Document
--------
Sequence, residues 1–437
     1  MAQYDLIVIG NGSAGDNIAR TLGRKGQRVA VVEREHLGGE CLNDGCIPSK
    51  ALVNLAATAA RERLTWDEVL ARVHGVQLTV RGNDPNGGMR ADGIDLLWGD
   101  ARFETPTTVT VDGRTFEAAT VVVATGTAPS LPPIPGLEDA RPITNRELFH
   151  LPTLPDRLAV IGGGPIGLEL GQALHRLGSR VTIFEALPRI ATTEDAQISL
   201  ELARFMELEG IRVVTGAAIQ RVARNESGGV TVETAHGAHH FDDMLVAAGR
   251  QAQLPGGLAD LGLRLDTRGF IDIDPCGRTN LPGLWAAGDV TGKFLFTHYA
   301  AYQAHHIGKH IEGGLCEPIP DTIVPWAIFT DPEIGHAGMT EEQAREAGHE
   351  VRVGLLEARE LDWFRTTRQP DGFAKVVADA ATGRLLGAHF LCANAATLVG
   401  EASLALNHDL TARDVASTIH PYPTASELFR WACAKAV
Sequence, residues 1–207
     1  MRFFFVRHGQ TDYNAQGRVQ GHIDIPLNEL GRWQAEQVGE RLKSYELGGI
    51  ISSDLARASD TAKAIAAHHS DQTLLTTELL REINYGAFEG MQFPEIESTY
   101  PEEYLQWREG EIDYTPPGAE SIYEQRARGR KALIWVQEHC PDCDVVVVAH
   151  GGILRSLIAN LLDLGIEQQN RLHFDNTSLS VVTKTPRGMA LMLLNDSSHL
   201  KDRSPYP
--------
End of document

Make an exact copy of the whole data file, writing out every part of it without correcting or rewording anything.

Sequence, residues 1–437
     1  MAQYDLIVIG NGSAGDNIAR TLGRKGQRVA VVEREHLGGE CLNDGCIPSK
    51  ALVNLAATAA RERLTWDEVL ARVHGVQLTV RGNDPNGGMR ADGIDLLWGD
   101  ARFETPTTVT VDGRTFEAAT VVVATGTAPS LPPIPGLEDA RPITNRELFH
   151  LPTLPDRLAV IGGGPIGLEL GQALHRLGSR VTIFEALPRI ATTEDAQISL
   201  ELARFMELEG IRVVTGAAIQ RVARNESGGV TVETAHGAHH FDDMLVAAGR
   251  QAQLPGGLAD LGLRLDTRGF IDIDPCGRTN LPGLWAAGDV TGKFLFTHYA
   301  AYQAHHIGKH IEGGLCEPIP DTIVPWAIFT DPEIGHAGMT EEQAREAGHE
   351  VRVGLLEARE LDWFRTTRQP DGFAKVVADA ATGRLLGAHF LCANAATLVG
   401  EASLALNHDL TARDVASTIH PYPTASELFR WACAKAV
Sequence, residues 1–207
     1  MRFFFVRHGQ TDYNAQGRVQ GHIDIPLNEL GRWQAEQVGE RLKSYELGGI
    51  ISSDLARASD TAKAIAAHHS DQTLLTTELL REINYGAFEG MQFPEIESTY
   101  PEEYLQWREG EIDYTPPGAE SIYEQRARGR KALIWVQEHC PDCDVVVVAH
   151  GGILRSLIAN LLDLGIEQQN RLHFDNTSLS VVTKTPRGMA LMLLNDSSHL
   201  KDRSPYP